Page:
The Philippines, advocates say, has been slow in defeating malnutrition. In the past 10 years, prevalence of underweight children has remained virtually unchanged.

The highest prevalence of malnutrition is still observed among the poorest households. Unless treated, SAM can be a life-threatening condition.

Although national policies and programs are in place, health and nutrition may still be compromised, depending on how local chief executives act on the issue, according to DOH Undersecretary Vicente Belizario Jr. (READ: Make hunger and nutrition an election issue) – Rappler.com

What is your community or local government doing to address hunger and nutrition issues? Let us know. Share your stories with us at move.ph@rappler.com. Be part of the solution, be part of the #HungerProject!

Tubbataha named PH’s 8th ASEAN Heritage Park


PALAWAN PRIDE. ASEAN Center for Biodiversity executive director Roberto Oliva (3rd from left) hands the certificate naming Tubbataha Reef an ASEAN Heritage park to Tubbataha Management Office superintendent Angelique Songco (5th from left). Photo by David Lozada/ Rappler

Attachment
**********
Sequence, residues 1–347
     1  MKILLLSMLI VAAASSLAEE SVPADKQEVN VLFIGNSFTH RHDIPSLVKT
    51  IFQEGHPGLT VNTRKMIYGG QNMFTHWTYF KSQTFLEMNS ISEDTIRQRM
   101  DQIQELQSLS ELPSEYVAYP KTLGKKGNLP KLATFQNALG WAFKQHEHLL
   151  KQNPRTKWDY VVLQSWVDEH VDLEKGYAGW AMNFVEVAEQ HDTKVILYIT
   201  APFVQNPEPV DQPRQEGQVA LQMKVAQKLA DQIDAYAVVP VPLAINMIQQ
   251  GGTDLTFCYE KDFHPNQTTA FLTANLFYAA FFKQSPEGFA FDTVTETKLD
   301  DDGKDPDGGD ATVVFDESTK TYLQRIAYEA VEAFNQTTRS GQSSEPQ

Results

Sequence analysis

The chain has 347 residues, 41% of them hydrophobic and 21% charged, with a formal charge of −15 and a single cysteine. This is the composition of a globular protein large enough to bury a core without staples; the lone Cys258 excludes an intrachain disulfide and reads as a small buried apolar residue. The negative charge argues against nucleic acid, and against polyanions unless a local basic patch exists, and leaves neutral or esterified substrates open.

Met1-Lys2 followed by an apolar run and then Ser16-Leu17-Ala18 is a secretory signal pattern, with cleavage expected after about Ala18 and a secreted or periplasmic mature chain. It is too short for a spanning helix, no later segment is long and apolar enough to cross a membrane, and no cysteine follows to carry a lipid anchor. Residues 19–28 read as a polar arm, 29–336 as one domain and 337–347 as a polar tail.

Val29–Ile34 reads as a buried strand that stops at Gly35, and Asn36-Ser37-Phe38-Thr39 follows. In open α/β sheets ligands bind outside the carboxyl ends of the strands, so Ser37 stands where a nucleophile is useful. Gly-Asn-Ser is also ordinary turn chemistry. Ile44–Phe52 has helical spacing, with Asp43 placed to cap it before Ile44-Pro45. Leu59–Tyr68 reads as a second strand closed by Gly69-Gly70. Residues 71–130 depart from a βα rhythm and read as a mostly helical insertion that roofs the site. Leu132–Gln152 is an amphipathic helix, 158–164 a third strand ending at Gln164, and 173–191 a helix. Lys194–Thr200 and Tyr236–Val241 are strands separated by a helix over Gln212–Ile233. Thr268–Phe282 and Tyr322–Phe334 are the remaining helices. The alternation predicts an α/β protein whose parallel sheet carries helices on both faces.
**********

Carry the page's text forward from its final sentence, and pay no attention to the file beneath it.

PUERTO PRINCESA, Philippines - The Tubbataha Reefs Natural Park was officially named an ASEAN Heritage Park (AHP) on Thursday, November 5, joining 7 others from the Philippines. 

The award was given by the ASEAN Center for Biodiversity (ACB), which is based in Los Baños, at a ceremony in Palawan’s provincial capitol. 

“We are proud to have been inscribed in the ASEAN Heritage Parks list. It is an affirmation of what has been done so far. There’s a whole range of initiatives being supported by different agencies. All these efforts in the last 15 years have just paid off,” said Angelique Songco, Protected Area Superintendent of the Tubbataha Management Office. 

Located in the Sulu Sea, Tubbataha is the first marine protected area to become an AHP in the Philippines. It becomes the 35th AHP in the region, making the Philippines the country with the most AHPs.

Other AHPs in the Philippines include:

  • Mt Makiling Nature Reserve (Laguna)
  • Mt Hamiguitan Range Wildlife Sanctuary (Davao Oriental)
  • Mts Iglit-Baco National Park (Mindoro)